- 55. Gaillard JL, Berche P, Frehel C, Gouin E, Cossart P. Entry of L. monocytogenes into cells is mediated by internalin, a repeat protein reminiscent of surface antigens from Gram-positive cocci. Cell. 1991;65(7):1127–1141. pmid:1905979
- 56. Kosman DJ. Multicopper oxidases: a workshop on copper coordination chemistry, electron transfer, and metallophysiology. J Biol Inorg Chem. 2010;15(1):15–28. pmid:19816718
- 57. Lebrun M, Audurier A, Cossart P. Plasmid-borne cadmium resistance genes in Listeria monocytogenes are present on Tn5422, a novel transposon closely related to Tn917. J Bacteriol. 1994;176(10):3049–3061. pmid:8188606
- 58. Dutta V, Elhanafi D, Kathariou S. Conservation and distribution of the benzalkonium chloride resistance cassette bcrABC in Listeria monocytogenes. Appl Environ Microbiol. 2013;79(19):6067–6074. pmid:23892748
- 59. Müller A, Rychli K, Zaiser A, Wieser C, Wagner M, Schmitz-Esser S. The Listeria monocytogenes transposon Tn6188 provides increased tolerance to various quaternary ammonium compounds and ethidium bromide. FEMS Microbiol Lett. 2014;361(2):166–173. pmid:25312720
- 60. Hawkey J, Edwards DJ, Dimovski K, Hiley L, Billman-Jacobe H, Hogg G, et al. Evidence of microevolution of Salmonella Typhimurium during a series of egg-associated outbreaks linked to a single chicken farm. BMC Genomics. 2013;14:800. pmid:24245509
- 61. Croucher NJ, Harris SR, Grad YH, Hanage WP. Bacterial genomes in epidemiology—present and future. Philos Trans R Soc Lond B Biol Sci. 2013;368(1614):20120202. pmid:23382424
- 62. Lundén JM, Autio TJ, Korkeala HJ. Transfer of persistent Listeria monocytogenes contamination between food-processing plants associated with a dicing machine. J Food Protect. 2002;65(7):1129–33.
- 63. Verghese B, Lok M, Wen J, Alessandria V, Chen Y, Kathariou S, et al. comK prophage junction fragments as markers for Listeria monocytogenes genotypes unique to individual meat and poultry processing plants and a model for rapid niche-specific adaptation, biofilm formation, and persistence. Appl Environ Microbiol. 2011;77(10):3279–3292. pmid:21441318
- 64. Seed KD. Battling phages: How bacteria defend against viral attack. PLoS Pathog. 2015;11(6):e1004847. pmid:26066799
- 65. Dy RL, Richter C, Salmond GPC, Fineran PC. Remarkable mechanisms in microbes to resist phage infections. Annu Rev Virol. 2014;1:307–331.
- 66. Cerdeño-Tárraga AM, Patrick S, Crossman LC, Blakely G, Abratt V, Lennard N, et al. Extensive DNA inversions in the B. fragilis genome control variable gene expression. Science. 2005;307(5714):1463–1465. pmid:15746427
- 67. Sitaraman R, Dybvig K. The hsd loci of Mycoplasma pulmonis: organization, rearrangements and expression of genes. Mol Microbiol. 1997;26(1):109–120. pmid:9383194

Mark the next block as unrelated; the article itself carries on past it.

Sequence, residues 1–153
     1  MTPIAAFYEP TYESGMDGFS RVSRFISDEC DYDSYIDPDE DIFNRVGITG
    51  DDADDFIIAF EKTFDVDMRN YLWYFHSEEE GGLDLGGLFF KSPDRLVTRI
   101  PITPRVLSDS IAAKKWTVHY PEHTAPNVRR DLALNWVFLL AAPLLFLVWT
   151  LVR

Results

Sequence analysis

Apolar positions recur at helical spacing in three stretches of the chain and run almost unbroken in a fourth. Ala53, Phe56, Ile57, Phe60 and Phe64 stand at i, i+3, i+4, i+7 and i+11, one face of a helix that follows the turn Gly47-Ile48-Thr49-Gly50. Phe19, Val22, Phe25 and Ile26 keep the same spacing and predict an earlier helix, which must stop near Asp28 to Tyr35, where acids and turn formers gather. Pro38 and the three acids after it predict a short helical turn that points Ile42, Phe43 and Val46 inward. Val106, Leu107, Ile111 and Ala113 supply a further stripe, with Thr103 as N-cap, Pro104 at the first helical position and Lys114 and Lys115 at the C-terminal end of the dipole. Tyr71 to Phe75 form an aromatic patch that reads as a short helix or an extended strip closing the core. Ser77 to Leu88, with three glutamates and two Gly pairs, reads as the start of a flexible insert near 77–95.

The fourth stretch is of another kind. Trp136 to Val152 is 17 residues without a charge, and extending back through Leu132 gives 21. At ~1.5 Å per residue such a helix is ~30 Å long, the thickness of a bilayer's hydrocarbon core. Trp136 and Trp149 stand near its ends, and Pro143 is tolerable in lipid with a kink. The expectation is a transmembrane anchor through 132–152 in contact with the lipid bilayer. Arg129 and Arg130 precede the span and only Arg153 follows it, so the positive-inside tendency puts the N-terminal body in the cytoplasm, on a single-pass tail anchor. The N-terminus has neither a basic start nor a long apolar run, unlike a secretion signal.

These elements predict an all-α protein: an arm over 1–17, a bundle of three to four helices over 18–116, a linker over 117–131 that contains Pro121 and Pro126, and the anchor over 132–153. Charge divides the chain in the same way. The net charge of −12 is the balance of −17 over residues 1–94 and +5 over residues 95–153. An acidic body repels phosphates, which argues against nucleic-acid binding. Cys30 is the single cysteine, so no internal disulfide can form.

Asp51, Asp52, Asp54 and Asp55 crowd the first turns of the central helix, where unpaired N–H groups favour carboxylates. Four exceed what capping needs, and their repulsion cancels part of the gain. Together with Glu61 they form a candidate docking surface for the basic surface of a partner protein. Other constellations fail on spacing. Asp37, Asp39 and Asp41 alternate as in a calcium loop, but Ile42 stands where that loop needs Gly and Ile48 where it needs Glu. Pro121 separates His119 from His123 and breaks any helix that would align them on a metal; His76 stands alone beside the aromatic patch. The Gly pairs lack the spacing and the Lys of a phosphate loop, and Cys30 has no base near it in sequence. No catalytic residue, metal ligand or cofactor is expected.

- 68. Eugster MR, Loessner MJ. Wall teichoic acids restrict access of bacteriophage endolysin Ply118, Ply511, and PlyP40 cell wall binding domains to the Listeria monocytogenes peptidoglycan. J Bacteriol. 2012;194(23):6498–6506. pmid:23002226
- 69. Denes T, den Bakker HC, Tokman JI, Guldimann C, Wiedmann M. Selection and characterization of phage-resistant mutant strains of Listeria monocytogenes reveals host genes linked to phage adsorption. Appl Environ Microbiol. 2015;81(13):4295–3405. pmid:25888172
- 70. Jensen A, Thomsen LE, Jorgensen RL, Larsen MH, Roldgaard BB, Christensen BB, et al. Processing plant persistent strains of Listeria monocytogenes appear to have a lower virulence potential than clinical strains in selected virulence models. Int J Food Microbiol. 2008;123(3):254–261. pmid:18394737
- 71. Van Stelten A, Simpson JM, Ward TJ, Nightingale KK. Revelation by single-nucleotide polymorphism genotyping that mutations leading to a premature stop codon in inlA are common among Listeria monocytogenes isolates from ready-to-eat foods but not human listeriosis cases. Appl Environ Microbiol. 2010;76(9):2783–2790. pmid:20208021
- 72. Nightingale KK, Windham K, Martin KE, Yeung M, Wiedmann M. Select Listeria monocytogenes subtypes commonly found in foods carry distinct nonsense mutations in inlA, leading to expression of truncated and secreted internalin A, and are associated with a reduced invasion phenotype for human intestinal epithelial cells. Appl Environ Microbiol. 2005;71(12):8764–8772. pmid:16332872
- 73. Norton DM, McCamey MA, Gall KL, Scarlett JM, Boor KJ, Wiedmann M. Molecular studies on the ecology of Listeria monocytogenes in the smoked fish processing industry. Appl Environ Microbiol. 2001;67(1):198–205. pmid:11133446